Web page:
International Paralympic Committee (IPC) President Sir Philip Craven has said that with six months to go until the Rio 2016 Paralympics, the city is almost ready to stage an “unmissable Games” that will transform South America forever.
Monday 7 March marks six months to go mark until the Opening Ceremony of Latin America’s first Paralympics in Rio’s iconic Maracana Stadium. To mark the occasion the IPC President has stressed the importance of the Rio 2016 Paralympics building on the success of previous Games in order to continue the Paralympic Movement’s growth.
“It has been just over seven years since Rio was historically elected to host Latin America’s first Paralympic Games in Copenhagen, Denmark. A lot of hard work has been undertaken since that decision, but now Rio is almost ready to stage what will be an unmissable Games,” Sir Philip told Paralympic.org.
“The Rio 2016 Paralympic Games will be a once-in-a-lifetime experience for all those who attend and a chance for the whole of South America to unite and celebrate a sporting festival that will transform the continent forever.
“Rio 2016 must show to the world that Beijing 2008 and London 2012 were not exceptions, but the norm.
“We must build on this momentum with Rio 2016 and aim to set new records in terms of spectator attendance, TV audiences, athletic performance and social legacy,” he added.
Four years ago, London 2012 sold a record 2.76 million tickets and attracted a cumulative global TV audience of 3.8 billion people. Sir Philip is optimistic that with affordable ticket prices and the host country targeting a top five finish in the medals table, the Brazilian public will turn out in force at the Games.
“With two million tickets for Rio 2016 costing just BLR 10, we are confident that the late buying Brazilian public will turn out in force and throw their full support behind the Brazilian team and the other 170 plus competing countries,” Sir Philip said.
“In 2014, the Brazilian public suffered heartbreak when their national football side lost in the semi-finals of the FIFA World Cup but this September I think they will feel the opposite emotion. They will feel great pride and joy as Brazilian Paralympic athletes chase medals every single day.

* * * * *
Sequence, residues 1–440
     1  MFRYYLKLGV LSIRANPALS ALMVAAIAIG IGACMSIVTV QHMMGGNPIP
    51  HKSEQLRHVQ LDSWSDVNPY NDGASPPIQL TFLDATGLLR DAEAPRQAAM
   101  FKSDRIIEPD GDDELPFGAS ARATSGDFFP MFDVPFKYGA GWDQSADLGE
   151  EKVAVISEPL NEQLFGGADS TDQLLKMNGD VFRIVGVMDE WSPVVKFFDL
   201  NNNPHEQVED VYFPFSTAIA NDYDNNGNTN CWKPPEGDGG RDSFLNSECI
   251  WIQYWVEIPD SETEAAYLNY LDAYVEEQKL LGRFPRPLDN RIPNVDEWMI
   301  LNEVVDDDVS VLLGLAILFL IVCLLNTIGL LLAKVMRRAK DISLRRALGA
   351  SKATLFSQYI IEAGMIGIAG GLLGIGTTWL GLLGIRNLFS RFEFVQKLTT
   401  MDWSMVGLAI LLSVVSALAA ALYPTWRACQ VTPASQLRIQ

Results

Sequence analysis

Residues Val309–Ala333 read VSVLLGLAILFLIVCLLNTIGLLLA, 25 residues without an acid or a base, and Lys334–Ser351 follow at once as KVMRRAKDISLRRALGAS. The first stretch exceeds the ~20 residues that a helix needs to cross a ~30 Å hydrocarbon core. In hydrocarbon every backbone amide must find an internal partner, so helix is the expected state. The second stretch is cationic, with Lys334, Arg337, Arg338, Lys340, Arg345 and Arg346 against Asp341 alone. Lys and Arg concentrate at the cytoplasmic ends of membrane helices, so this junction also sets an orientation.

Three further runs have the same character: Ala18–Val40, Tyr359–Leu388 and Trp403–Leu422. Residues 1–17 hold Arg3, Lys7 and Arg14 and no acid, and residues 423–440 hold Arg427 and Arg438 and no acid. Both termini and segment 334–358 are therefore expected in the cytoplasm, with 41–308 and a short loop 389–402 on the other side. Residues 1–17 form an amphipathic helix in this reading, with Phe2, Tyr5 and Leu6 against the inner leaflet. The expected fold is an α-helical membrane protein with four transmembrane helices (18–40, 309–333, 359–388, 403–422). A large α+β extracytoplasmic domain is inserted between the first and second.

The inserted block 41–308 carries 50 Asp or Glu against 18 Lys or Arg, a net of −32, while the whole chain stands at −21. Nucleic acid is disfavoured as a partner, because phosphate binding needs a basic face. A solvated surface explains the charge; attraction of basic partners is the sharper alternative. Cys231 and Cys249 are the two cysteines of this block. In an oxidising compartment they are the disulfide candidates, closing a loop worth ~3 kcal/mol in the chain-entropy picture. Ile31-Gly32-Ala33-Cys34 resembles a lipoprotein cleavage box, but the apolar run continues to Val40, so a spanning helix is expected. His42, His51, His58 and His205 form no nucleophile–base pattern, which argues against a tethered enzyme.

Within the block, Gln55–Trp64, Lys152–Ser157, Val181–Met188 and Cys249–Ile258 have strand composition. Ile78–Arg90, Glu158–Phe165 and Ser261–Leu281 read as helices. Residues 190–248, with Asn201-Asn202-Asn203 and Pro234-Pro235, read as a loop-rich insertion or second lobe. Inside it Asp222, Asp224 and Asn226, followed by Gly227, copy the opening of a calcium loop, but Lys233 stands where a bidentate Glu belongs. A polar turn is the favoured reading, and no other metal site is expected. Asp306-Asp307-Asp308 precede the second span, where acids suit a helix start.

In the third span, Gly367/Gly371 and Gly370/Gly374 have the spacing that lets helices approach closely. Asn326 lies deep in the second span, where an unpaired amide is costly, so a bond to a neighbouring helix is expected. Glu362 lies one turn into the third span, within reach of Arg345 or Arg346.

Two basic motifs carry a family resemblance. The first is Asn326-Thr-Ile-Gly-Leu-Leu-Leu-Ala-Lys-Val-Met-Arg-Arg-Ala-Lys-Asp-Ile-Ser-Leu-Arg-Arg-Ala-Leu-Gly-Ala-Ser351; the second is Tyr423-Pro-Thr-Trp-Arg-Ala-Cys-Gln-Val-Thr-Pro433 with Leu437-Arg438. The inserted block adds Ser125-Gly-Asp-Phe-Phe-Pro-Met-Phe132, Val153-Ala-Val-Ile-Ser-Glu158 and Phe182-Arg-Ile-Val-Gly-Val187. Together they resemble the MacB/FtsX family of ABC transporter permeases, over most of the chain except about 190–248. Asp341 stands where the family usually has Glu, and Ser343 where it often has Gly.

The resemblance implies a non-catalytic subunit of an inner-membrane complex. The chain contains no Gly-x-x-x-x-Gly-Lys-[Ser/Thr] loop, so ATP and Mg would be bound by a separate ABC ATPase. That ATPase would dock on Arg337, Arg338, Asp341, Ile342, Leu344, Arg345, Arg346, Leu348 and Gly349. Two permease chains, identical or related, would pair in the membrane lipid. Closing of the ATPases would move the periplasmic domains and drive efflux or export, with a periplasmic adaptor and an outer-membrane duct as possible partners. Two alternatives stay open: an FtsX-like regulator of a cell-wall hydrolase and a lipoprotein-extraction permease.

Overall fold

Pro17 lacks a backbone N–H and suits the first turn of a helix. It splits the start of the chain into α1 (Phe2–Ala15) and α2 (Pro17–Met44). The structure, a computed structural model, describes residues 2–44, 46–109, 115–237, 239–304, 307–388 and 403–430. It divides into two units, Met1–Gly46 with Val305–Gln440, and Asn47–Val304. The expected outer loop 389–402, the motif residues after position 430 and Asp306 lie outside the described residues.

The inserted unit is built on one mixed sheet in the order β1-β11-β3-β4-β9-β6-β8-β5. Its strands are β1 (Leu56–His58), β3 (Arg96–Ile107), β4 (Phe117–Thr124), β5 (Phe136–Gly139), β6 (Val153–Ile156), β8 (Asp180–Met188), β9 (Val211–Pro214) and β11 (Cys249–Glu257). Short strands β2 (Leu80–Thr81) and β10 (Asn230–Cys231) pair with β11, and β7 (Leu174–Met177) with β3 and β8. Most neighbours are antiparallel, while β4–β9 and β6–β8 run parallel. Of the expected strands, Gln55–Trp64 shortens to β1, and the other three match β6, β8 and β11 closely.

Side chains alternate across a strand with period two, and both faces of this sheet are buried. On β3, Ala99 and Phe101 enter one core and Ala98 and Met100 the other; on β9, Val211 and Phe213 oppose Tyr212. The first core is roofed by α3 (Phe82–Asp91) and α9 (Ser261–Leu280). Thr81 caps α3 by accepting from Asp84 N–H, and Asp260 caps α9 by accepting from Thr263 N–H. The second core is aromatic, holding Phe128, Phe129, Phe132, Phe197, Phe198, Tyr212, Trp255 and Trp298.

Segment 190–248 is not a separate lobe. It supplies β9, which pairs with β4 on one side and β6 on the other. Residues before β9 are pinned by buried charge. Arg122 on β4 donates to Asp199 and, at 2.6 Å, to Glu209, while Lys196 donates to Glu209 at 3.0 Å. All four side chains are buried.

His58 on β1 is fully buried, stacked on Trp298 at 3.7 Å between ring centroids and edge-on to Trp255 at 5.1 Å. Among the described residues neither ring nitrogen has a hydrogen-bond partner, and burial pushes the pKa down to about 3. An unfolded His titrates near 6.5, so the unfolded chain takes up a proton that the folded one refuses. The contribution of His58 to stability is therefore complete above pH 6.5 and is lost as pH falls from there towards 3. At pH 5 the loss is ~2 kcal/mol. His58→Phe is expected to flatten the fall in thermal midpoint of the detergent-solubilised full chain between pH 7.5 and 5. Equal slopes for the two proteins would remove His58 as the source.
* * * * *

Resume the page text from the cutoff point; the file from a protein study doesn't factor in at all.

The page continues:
“Even with six months to go, we know Rio 2016 will be the most widely broadcast Paralympics in history. More countries and territories than ever before have signed up to show the Games and we fully expect to reach a record cumulative TV audience of more than four billion people.”
Around 4,350 athletes from 170 countries will compete in 22 sports between 7-18 September. British-born Sir Philip believes the growing interest in Paralympic sport is down to ever improving performances of the para-athletes which, in-turn, is also having a direct effect on the social impact of the Games.
“Many of the best athletes are now full-time and benefit from high performance training programmes on a par with their Olympic counterparts. This has resulted in an improvement in standards across all sports,” said the five-time Paralympian.
“Improved performances and greater media coverage have led the Paralympic Games to develop a strong track record for changing and challenging deep-rooted views in society regarding disability. Today, the Paralympic Games are the world’s number one sporting event for driving social inclusion, a position we want to cement further in Rio.”
Expectations and growing excitement
Although a number of Brazilian athletes such as swimmer Daniel Dias, sprinter Terezinha Guilhermina and blind footballer Jefinho enjoy a strong profile, Sir Philip appreciates that for much of the Brazilian public Rio 2016 will be their first experience of Paralympic sport. He is confident they will like what they see come September.
“I can promise you a life-changing experience that will make you re-evaluate what you believe is humanly possible,” Sir Philip said. “You will see sport like never before and witness some of the best athletic performances ever delivered.”
“Over the next six months the excitement for the Paralympic Games will continue to build. The Olympic Park which is 95 per cent ready will transition from construction site to a giant theme park for sport. The newly erected venues will transform from empty shells to wonderful theatres where sporting memories that will be cherished forever will be created.”